, and some idea of object oriented programming.

I could not let this opportunity pass. I created a small undergraduate team with Danielle Talley from USC (a brilliant sophomore in computer engineering, with a minor in music), and two math majors from Morris College: my Geometry expert Fabian Maple, and a McGyver-style problem solver, Wesley Alexander. Wesley and Fabian are supported by a Department of Energy-Environmental Management grant to Morris College, which funds their summer research experience at USC. Danielle is funded by the National Science Foundation through the Louis Stokes South Carolina-Alliance for Minority Participation (LS-SCAMP).

They spent the best of their first week on this project completing a basic programming course online. At the same time, the four of us reviewed some of the mathematical tools needed to teach Astro new tricks: basic algebra and trigonometry, basic geometry, and basic calculus and statistics. The emphasis—I need to point out in case you missed it—is in the word **basic**.

### Talk the talk

The psychologist seated herself and watched Herbie narrowly as he took a chair at the other side of the table and went through the three books systematically.

At the end of half an hour, he put them down, “Of course, I know why you brought these.”

The corner of Dr. Calvin’s lip twitched, “I was afraid you would. It’s difficult to work with you, Herbie. You’re always a step ahead of me.”

“It’s the same with these books, you know, as with the others. They just don’t interest me. There’s nothing to your textbooks. Your science is just a mass of collected data plastered together by makeshift theory — and all so incredibly simple, that it’s scarcely worth bothering about.”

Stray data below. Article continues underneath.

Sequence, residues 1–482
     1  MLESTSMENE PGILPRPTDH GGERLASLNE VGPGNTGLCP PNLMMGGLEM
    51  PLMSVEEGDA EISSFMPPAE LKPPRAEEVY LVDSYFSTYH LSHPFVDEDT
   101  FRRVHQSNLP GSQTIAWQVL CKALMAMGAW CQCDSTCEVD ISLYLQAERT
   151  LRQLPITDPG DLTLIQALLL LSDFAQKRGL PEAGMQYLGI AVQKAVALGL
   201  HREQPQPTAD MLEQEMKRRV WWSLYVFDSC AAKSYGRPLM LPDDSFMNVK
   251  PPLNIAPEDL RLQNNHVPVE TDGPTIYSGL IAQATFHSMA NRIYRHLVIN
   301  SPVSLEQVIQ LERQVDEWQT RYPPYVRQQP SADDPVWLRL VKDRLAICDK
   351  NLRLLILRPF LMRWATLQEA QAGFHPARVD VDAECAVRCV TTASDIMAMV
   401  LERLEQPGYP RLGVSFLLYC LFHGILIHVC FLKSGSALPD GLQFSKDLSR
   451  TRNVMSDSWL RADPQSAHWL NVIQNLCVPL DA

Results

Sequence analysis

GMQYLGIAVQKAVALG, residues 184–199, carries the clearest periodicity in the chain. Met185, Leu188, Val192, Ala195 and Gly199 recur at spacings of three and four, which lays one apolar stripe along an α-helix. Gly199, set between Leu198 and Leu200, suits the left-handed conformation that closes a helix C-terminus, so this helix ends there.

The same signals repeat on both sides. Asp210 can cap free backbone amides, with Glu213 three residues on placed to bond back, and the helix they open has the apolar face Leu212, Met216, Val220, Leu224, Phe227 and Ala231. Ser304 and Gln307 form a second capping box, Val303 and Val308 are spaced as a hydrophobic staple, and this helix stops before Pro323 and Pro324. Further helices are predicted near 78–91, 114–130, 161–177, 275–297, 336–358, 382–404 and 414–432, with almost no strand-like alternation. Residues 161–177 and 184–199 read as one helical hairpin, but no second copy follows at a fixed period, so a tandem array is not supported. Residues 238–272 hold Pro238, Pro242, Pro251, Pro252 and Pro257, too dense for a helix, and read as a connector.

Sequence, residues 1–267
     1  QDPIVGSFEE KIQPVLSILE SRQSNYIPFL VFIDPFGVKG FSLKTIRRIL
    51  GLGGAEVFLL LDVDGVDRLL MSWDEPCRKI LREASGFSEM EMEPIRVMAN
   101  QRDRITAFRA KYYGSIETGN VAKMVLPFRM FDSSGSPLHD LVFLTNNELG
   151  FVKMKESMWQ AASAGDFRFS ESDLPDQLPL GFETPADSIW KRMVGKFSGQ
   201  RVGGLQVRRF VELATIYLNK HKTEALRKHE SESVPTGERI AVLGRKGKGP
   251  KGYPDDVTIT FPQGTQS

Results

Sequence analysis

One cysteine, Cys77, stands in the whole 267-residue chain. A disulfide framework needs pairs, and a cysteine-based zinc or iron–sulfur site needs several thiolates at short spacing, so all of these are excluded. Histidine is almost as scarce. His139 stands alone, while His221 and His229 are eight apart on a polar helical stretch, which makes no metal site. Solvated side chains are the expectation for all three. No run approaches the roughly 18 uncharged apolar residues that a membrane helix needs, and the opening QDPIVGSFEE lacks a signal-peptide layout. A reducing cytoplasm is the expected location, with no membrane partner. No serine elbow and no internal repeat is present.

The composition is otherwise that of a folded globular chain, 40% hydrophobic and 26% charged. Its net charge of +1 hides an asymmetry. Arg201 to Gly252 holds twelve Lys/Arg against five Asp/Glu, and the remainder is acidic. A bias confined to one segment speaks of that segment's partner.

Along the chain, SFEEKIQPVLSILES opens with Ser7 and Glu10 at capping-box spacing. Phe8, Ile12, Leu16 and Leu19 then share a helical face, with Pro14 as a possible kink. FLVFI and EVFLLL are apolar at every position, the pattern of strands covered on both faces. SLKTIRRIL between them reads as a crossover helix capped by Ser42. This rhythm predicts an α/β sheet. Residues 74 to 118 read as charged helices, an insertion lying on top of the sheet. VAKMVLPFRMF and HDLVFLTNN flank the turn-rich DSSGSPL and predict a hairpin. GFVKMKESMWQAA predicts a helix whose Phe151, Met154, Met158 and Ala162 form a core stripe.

“It’s your fiction that interests me. Your studies of the interplay of human motives and emotions” – his mighty hand gestured vaguely as he sought the proper words.

Liar!

— Isaac Asimov

Astro can understand what I say, and maintain conversations with me. He has four microphones for voice recognition and sound localization, and two speakers for text-to-speech synthesis. But he sometimes gets confused: I say “acute”, and he understands “abide,” for example. This might sound frustrating by all standards. But mathematicians can’t be judged by any reasonable standard. Far from seeing this as a shortcoming, my team used as motivation the mechanics behind his *speech recognition* functionality, and they wrote some code to turn him into an expert Mastermind player.

Wait, what? How are these two things possibly connected?

Since Astro’s hearing is far from perfect, when he hears a word which is not clear, he gathers a short list of possible candidates. He then chooses the most likely guess based upon different considerations—using clues from context, for example. Based on similar strategies, he can be taught to be a perfect player of 5-letter-word Mastermind: Pick any five-letter word in the English language. Any word, provided it has no repeated letters. Astro chooses one random word as his first guess, and requests a score like in Mastermind.

To illustrate this process, I will show you how the game went when I chose Fabian’s favorite word: “acute.”